Forest Service Official: Idaho Fish and Game’s Unapproved Wolf Collaring “Unbelievable”

Jan 15, 2016

The Frank Church River of No Return Wilderness.
Credit Frankie Barnhill / Boise State Public Radio

The federal official who oversees the Salmon-Challis National Forest says Idaho Fish and Game’s unapproved collaring of four wolves in a wilderness area last week is a “big deal.”

Forest Supervisor Chuck Mark says he found it “unbelievable” when he learned Tuesday that an Idaho Fish and Game crew landed a helicopter in the Frank Church River of No Return Wilderness and put tracking collars on the wolves.

“A lot of times, especially with activities on the national forest that have a certain element of controversy to them, you play out scenarios of what might happen… This is one I hadn’t planned on,” Mark says.

Fish and Game alerted the Forest Service to the mistake. The state agency says the animals were released unharmed.

By flying a helicopter into an area designated as wilderness – for an unapproved purpose – Mark says the state violated federal law.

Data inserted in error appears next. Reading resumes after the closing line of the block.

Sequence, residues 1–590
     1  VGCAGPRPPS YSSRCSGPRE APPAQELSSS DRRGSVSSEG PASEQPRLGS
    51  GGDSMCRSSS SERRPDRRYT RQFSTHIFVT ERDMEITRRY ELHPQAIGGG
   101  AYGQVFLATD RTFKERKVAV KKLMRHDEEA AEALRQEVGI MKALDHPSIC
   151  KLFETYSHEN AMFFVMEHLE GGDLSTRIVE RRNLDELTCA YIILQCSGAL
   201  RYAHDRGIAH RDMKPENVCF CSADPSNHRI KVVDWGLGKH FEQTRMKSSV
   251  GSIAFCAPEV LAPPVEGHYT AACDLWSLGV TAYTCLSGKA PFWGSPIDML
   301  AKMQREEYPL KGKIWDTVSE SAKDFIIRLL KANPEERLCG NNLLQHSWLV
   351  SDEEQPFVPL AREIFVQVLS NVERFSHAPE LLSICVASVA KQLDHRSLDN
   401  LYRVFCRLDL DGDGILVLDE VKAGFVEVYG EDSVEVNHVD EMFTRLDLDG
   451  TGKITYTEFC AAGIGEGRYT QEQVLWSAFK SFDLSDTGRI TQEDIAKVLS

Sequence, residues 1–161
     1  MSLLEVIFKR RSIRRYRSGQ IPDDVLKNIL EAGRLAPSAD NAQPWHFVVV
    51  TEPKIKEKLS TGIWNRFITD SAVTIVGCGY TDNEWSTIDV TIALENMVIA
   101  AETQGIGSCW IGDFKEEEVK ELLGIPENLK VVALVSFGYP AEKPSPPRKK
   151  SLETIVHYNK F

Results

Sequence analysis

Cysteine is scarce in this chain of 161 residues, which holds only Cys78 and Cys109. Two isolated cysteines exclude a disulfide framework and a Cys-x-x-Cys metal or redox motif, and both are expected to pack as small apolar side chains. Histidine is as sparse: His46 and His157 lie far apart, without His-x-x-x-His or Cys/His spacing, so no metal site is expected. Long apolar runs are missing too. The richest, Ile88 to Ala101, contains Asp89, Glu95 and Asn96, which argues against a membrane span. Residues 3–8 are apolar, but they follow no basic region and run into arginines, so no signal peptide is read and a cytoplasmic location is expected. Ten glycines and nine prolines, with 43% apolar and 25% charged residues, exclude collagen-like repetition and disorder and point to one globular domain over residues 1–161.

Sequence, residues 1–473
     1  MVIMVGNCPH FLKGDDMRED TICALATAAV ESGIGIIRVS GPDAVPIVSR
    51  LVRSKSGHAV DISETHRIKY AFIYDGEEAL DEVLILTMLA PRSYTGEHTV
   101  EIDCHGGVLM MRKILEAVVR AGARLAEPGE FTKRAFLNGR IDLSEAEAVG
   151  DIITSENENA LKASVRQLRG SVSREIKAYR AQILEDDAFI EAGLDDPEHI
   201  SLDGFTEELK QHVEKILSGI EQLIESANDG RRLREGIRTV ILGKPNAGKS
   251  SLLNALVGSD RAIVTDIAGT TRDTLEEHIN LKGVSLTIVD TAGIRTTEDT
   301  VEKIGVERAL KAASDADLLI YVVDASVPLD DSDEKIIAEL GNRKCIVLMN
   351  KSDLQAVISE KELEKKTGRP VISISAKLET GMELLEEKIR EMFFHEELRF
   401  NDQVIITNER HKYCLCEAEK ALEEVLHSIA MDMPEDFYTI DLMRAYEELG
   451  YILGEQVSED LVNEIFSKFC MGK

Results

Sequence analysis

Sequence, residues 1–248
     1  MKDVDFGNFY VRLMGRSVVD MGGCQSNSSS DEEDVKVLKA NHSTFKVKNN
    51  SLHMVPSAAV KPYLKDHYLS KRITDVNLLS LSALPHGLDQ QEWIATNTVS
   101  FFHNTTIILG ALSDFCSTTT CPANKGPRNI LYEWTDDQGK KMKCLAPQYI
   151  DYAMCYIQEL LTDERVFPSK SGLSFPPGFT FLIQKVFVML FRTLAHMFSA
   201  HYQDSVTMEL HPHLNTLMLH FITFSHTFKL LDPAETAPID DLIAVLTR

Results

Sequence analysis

The Forest Service had given the state permission to land in the area, commonly known as “The Frank,” to collar 60 elk. Mark had signed off on that plan, but nothing involving wolves.

“This wasn’t any part of the proposal,” he says. “So from that standpoint, that was also a violation.”

Conservationists contend the state’s wolf operation was part of a plan to kill the animals. Environmentalists had already sued the Forest Service over allowing the state to use helicopters for the elk operation.

Forest Service officials in Ogden, Utah are involved in the agency’s investigation. The head of the Forest Service, Tom Tidwell, is, too.

To date, Mark says Fish and Game has been cooperative.

“I’ve got no reason to believe it wasn’t a mistake at this point in time,” Mark says. “It is a big deal, though.”

The federal agency is concerned over a loss of public trust as a result of the Fish and Game activity. Mark says the process to approve the elk plan included public input.

“I’ve got to try and explain – along with Fish and Game – what happened, and how we’re going to try to prevent that from ever happening again if a similar activity is authorized.”

Mark says the mistake will force the federal agency to use a “more thoughtful process and analysis” when weighing similar Fish and Game requests in the future.

Copyright 2016 Boise State Public Radio

For more local news, follow the KBSX newsroom on Twitter @KBSX915